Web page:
[788] I notice that four banks this year published their accounts. The first bank had a profit of £126,248 after paying all debts, including bad-debts, and paying the shareholders and directors. The second bank had a profit of £376,944. The third bank had a profit of £49,520 and the fourth bank had a profit of £99,105, making a total of £651,817 between the four banks in profits after paying everything that it was necessary to pay.

We do not say for a moment that the banks should not work safely and efficiently but were these profits got because of the rates charged on whoever got the money? A bank is a money institution and profits are made in this way.

What is the comparison between the bank and the Post Office? The Post Office is not a profit-making institution. The Post Office Savings Bank is for the benefit of the people who lodge their savings which are available to them any time they require them. I should like to know what views the Minister has on the comparison between the banks and the Post Office Savings Bank.

One portion of our banking institution charges a higher rate of interest for loans. The people who get a loan have to meet the loan charge whether they have invested in land or in housing. In most cases a person pays back very much more than he borrowed. That applies even in local government. A man builds a house. The State gives free grants. Despite the free grants, if a man gets a loan he has to pay 6½ per cent or more on the loan for the house. He is under a very definite hardship, especially today with rising costs of materials. The rising costs of materials mean that he needs a bigger loan. He gets a grant and if he is lucky, he gets a supplementary grant, too, but he pays back nearly twice the amount he got by way of loan. He is finding that a definite hardship and he complains about it because of the difficulty of meeting the total costs out of his weekly earnings.

It might be said that earnings have increased, that people got a rise of 12 per cent, and so on, but that does not [789] meet the increased outgoings. His hardship is much greater than the compensation. The purchasing power of the people in general has been reduced by virtue of the fact that prices have risen. No matter what small percentage increase a person may have got, and some people did not get 12 per cent, it does not come anywhere near the increase in the cost of living. Social welfare recipients did not get 12 per cent but they have to meet rising prices with the result that their standard of living is gradually dropping. That is a serious position.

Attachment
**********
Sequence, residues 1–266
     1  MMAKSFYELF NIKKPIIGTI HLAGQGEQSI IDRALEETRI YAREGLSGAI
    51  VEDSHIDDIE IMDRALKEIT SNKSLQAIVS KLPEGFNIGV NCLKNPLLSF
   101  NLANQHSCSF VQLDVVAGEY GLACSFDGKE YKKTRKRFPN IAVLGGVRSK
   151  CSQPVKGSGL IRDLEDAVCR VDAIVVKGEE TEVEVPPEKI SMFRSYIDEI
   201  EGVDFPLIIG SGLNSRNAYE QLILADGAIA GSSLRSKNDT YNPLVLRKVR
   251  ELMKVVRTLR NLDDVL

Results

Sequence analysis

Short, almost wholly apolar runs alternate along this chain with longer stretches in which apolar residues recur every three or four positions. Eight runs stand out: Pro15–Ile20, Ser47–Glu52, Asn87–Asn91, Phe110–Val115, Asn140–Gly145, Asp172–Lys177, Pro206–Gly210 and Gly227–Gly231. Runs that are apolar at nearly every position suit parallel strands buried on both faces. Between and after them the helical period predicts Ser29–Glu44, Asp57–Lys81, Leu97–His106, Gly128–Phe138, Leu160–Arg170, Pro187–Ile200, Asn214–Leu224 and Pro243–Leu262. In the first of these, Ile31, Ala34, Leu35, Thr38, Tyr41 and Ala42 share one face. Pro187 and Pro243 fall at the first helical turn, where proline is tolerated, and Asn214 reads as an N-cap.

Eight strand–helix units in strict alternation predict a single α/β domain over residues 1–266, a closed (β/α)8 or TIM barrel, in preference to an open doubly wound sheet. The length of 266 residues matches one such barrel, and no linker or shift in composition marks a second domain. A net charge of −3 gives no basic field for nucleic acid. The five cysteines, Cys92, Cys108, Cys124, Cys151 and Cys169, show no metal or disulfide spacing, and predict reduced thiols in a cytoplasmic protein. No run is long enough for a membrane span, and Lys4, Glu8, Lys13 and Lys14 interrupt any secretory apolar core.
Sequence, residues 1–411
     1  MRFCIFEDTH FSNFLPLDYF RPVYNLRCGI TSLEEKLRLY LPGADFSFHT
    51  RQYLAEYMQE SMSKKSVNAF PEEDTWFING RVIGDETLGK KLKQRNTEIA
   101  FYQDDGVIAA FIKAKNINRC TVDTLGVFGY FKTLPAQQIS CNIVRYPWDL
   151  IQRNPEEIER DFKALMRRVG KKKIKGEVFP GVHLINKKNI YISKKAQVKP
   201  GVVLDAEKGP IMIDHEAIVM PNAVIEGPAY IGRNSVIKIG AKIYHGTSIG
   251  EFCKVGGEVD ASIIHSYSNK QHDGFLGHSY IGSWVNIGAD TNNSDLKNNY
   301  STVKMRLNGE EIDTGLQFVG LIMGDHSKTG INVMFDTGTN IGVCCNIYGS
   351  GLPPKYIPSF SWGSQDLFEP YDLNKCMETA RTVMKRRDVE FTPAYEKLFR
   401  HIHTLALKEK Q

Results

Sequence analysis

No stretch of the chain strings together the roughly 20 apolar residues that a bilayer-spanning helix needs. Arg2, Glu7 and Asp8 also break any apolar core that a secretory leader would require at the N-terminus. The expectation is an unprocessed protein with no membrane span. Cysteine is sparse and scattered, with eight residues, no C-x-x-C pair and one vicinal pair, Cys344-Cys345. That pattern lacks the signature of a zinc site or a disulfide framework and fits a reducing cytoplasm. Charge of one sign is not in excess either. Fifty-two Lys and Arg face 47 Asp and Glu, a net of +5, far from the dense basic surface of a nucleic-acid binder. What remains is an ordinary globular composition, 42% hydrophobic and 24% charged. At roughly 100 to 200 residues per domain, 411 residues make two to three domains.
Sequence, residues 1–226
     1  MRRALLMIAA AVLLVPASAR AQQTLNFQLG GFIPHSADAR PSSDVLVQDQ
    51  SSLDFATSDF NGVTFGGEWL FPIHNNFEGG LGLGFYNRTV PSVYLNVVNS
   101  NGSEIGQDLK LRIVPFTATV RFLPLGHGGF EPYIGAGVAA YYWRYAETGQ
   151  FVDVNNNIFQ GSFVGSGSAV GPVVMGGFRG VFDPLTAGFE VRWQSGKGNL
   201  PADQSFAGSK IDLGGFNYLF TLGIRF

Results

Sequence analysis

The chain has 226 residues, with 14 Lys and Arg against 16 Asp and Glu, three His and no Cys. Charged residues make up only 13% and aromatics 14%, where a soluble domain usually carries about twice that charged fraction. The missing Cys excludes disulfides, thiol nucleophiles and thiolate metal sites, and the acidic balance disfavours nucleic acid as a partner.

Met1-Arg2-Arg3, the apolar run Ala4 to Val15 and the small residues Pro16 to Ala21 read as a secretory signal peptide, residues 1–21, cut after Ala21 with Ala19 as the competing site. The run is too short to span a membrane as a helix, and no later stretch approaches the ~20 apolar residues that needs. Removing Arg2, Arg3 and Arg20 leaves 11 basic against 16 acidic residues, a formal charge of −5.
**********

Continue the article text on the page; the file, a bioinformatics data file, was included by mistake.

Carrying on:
The price rise is much more than the 2½ per cent turnover tax imposed since 1st November last and which was introduced in the Minister's last Budget. In a good many cases, the increase in prices is 12½ per cent. I know of receipts which show that what was formerly purchased for 20/- was increased in price by a substantial amount—not 2½ per cent but much nearer to 12½ per cent. I notice that the Fair Trade Commission are keeping an eye on the matter but I do not see any action. I have not seen that any step has been taken to keep control in that matter and that is serious for people who have to purchase.

Is it correct that the public debt at the end of March, 1963, was £506,710,604, which is practically 12 months ago? Is it correct that we have to finance that debt to the extent of £28 million odd? Because of the high interest rates for the use of money, it is bound to be a heavy burden and the State has to meet the debt which is increasing each year. Has the Minister power to take more control in this matter or has the Central Bank power to fix a policy for State finance and the financial position in general? I should like to know more about the position. The Minister should have power in matters of that kind because the hardship is increasing each year and is bound to continue to do so.

Professor Quinlan: I am happy in approaching the Estimates for this year to be able to begin by congratulating the Minister on a number of improvements in the Estimates this [790] year over the previous year. It has proved, I think, that there is some use in raising issues here and in keeping at such issues. In the past few years I have made a special plea here for private agricultural schools. I showed that they were not being treated fairly compared with the State agricultural schools and in general had not shared in the previous eighth round increase. I am very happy, therefore, to find in the Estimate that the Minister has more than made up for this and has given increases of the order of about 22 per cent, or so, to these very deserving schools in Pallaskenry, Warrenstown, Gurteen, St. Patrick's, and the others.

Even with this increase, the Minister and the nation are getting a bargain because one could educate nine students in any of these schools for what it costs to educate one student in any of the State schools. I do not argue now that the cost is too high in the State schools. The real point is the marvellous job that is being done in the private agricultural schools. I advise the Minister to continue the good work he has begun this year, to give something really worthwhile next year; then the nation will be able to sit back, confident that everything is being done to foster the most progressive force we have in the expansion of our economy.